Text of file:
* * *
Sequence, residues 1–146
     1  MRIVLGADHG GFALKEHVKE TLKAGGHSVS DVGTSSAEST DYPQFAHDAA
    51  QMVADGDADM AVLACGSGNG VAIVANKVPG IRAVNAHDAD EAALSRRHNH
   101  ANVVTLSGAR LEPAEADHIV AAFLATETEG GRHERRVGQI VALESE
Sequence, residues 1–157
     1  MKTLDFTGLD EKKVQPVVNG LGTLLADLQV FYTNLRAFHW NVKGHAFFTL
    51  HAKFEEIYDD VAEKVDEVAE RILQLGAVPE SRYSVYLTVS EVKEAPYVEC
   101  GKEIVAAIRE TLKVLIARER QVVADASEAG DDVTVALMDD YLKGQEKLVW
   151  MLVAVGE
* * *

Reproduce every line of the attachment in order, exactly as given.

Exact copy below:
Sequence, residues 1–146
     1  MRIVLGADHG GFALKEHVKE TLKAGGHSVS DVGTSSAEST DYPQFAHDAA
    51  QMVADGDADM AVLACGSGNG VAIVANKVPG IRAVNAHDAD EAALSRRHNH
   101  ANVVTLSGAR LEPAEADHIV AAFLATETEG GRHERRVGQI VALESE
Sequence, residues 1–157
     1  MKTLDFTGLD EKKVQPVVNG LGTLLADLQV FYTNLRAFHW NVKGHAFFTL
    51  HAKFEEIYDD VAEKVDEVAE RILQLGAVPE SRYSVYLTVS EVKEAPYVEC
   101  GKEIVAAIRE TLKVLIARER QVVADASEAG DDVTVALMDD YLKGQEKLVW
   151  MLVAVGE